Oil prices are too high, OPEC is at it again. Not good!
To understand the cause of Trump’s particular concern with this issue, let’s figure out who benefits from low prices are good, and who is hurt by low prices.
Everything depends on the point of view. Low prices – are generally bad for all oil-producing countries, the list of which the US has recently joined with its shale oil bonanza. But then why is the sitting US president trying to put a get a foot in the door of growing US exports? Has he been sworn to uphold the interest of his country back when he was being inaugurated?
From the perspective of the oil industry as a whole, low prices are a problem. It should be expected that investments and produced volumes will start to plunge. Today’s decline in prices is the direct result of an excess of oil production, with demand being unable to meet the supply. On the other hand, given the overabundance of raw oil on the market, the future reduction of exploration and production rates will not lead to negative consequences.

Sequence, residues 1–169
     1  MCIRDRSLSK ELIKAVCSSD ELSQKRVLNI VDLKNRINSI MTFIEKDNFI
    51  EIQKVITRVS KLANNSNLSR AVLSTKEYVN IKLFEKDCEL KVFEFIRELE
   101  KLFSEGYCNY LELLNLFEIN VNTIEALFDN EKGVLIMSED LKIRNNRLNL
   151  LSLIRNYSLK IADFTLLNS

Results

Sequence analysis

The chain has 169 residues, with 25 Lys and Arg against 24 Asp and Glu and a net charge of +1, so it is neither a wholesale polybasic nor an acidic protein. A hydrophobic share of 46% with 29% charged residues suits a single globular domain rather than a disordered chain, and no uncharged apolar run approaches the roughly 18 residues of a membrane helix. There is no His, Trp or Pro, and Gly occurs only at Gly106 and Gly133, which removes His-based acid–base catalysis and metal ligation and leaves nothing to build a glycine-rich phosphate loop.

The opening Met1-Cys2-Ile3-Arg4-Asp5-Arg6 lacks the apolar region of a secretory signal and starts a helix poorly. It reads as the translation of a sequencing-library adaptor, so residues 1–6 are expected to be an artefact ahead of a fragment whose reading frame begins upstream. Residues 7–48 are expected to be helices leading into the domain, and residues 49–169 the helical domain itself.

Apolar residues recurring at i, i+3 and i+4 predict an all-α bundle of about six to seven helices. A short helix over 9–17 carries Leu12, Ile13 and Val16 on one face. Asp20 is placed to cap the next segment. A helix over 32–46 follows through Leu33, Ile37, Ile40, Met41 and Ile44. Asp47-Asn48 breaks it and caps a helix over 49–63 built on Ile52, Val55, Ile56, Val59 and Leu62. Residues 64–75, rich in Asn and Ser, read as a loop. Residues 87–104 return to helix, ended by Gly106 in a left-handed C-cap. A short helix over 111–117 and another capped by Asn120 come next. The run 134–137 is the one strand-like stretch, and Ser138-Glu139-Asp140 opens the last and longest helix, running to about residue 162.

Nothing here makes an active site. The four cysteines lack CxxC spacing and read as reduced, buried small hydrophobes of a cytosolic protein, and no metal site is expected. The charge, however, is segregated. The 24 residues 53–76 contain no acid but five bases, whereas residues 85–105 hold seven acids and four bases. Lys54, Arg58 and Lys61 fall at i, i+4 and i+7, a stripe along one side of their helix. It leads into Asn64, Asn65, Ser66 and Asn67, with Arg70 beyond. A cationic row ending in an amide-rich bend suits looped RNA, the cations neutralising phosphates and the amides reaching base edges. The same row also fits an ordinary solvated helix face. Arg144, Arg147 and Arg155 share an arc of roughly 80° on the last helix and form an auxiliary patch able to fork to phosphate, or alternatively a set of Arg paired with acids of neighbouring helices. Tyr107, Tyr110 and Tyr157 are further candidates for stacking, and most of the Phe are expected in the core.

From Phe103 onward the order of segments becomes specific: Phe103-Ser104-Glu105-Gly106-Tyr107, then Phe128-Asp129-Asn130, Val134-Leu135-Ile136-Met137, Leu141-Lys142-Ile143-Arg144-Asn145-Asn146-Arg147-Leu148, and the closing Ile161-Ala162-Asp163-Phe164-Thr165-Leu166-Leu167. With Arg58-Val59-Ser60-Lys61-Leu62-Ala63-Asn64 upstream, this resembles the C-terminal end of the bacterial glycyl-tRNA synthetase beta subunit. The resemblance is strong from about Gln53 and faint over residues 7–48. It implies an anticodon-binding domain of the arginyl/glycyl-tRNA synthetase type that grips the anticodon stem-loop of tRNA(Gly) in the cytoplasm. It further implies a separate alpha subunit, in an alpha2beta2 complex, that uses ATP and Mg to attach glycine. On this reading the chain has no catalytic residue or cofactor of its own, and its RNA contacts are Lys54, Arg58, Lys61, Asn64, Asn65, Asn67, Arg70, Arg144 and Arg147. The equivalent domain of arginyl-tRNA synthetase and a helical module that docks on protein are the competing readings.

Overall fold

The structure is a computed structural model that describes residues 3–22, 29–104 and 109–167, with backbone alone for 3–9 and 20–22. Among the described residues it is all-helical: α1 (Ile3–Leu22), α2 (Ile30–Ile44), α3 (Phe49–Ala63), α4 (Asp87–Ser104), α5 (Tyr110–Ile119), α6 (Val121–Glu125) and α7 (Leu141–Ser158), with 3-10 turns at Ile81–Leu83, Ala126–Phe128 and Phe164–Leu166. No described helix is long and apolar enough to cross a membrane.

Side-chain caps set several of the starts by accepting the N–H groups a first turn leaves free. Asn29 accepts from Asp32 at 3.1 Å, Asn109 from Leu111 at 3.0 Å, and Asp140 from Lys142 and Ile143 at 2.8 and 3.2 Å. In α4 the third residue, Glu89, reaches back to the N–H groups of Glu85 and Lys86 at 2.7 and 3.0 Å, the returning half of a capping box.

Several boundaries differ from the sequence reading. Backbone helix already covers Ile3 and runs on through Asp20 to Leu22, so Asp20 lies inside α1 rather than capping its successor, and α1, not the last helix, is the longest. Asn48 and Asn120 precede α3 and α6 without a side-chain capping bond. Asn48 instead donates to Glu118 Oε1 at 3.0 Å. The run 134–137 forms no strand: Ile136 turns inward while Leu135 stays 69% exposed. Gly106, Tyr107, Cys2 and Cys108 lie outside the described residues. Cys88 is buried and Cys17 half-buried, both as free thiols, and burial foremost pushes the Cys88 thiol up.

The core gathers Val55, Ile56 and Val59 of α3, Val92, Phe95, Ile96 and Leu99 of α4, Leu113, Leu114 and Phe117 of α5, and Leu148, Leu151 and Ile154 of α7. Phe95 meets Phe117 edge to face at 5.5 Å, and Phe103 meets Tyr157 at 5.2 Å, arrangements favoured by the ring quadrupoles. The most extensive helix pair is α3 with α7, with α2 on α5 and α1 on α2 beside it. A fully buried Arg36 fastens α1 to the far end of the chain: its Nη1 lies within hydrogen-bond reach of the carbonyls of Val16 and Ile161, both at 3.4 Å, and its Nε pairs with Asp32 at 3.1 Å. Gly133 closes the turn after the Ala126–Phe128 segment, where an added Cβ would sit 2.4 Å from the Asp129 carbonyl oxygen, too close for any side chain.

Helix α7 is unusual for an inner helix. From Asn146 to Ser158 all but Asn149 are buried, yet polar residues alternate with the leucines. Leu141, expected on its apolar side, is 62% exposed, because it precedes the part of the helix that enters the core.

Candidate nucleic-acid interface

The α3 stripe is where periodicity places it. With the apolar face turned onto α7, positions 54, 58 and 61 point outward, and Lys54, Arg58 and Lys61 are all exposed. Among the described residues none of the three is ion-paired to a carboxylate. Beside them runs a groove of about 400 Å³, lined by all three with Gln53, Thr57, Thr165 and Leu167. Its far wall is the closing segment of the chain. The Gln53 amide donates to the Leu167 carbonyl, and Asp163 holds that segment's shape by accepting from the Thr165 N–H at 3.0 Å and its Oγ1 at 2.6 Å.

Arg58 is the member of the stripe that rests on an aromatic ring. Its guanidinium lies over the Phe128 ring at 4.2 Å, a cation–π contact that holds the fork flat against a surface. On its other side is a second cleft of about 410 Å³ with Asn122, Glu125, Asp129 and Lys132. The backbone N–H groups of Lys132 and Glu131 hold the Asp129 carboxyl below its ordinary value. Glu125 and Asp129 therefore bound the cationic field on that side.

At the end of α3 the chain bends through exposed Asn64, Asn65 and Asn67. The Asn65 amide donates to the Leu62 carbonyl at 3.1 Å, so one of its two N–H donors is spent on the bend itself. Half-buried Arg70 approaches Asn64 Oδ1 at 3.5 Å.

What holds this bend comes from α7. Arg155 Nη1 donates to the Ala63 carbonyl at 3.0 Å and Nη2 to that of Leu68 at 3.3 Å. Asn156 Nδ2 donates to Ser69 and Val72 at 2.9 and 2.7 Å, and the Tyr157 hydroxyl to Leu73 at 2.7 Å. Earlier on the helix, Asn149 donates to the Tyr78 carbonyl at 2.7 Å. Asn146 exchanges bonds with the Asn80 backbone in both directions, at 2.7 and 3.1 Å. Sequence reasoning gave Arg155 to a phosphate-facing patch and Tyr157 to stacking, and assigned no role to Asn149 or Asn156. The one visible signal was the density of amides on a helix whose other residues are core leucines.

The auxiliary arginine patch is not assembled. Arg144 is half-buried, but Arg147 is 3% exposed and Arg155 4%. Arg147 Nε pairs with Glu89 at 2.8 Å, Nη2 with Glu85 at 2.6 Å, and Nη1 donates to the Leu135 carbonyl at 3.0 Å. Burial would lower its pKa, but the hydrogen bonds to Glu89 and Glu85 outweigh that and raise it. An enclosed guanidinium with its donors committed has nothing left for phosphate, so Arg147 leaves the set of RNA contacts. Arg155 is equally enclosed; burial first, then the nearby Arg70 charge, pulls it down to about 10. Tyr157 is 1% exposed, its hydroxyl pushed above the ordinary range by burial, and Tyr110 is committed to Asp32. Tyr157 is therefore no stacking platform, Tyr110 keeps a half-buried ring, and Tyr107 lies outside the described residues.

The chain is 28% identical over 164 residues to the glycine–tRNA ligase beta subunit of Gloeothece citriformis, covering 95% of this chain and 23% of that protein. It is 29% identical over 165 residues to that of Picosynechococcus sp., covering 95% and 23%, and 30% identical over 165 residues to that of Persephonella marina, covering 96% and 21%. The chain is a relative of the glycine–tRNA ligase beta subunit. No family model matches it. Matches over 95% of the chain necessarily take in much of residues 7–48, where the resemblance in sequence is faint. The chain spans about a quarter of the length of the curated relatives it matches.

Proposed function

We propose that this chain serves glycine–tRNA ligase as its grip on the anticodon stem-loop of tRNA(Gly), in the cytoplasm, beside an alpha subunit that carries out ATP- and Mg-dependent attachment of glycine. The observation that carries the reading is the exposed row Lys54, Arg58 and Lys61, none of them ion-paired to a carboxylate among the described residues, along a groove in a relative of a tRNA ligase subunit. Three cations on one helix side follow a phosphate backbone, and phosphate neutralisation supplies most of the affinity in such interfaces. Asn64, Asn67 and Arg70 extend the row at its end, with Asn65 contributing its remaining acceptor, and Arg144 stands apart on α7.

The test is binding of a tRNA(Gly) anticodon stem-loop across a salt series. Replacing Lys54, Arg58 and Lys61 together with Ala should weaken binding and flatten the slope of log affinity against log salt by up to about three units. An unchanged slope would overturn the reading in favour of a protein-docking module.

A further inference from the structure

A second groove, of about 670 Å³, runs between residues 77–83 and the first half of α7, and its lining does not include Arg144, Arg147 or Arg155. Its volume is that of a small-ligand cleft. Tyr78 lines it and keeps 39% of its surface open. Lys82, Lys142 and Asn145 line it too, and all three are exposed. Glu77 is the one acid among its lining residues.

However, when Trump voices his “concern” for high oil prices, he’s not acting out of the best interest of his country, which means that he may be pursuing his own selfish goals. One can remember how a number of oil refining companies donated large sums to Trump during his election campaign and now they seem to be willing to see a return on their ‘investments’.
One should also be mindful of the recent failure of American shale companies, that deprived themselves of their huge earnings. The majority of shale oil producers in the United States missed the chance to sell their oil at a price of dollars 70 per barrel, as they were selling futures at a rate of 50-55 dollars per barrel to secure guaranteed revenues to cover their drilling and production costs, which seemed a good price back then. But this deprived them of a chance to take advantage of today’s opportunity to cash in big on high oil prices.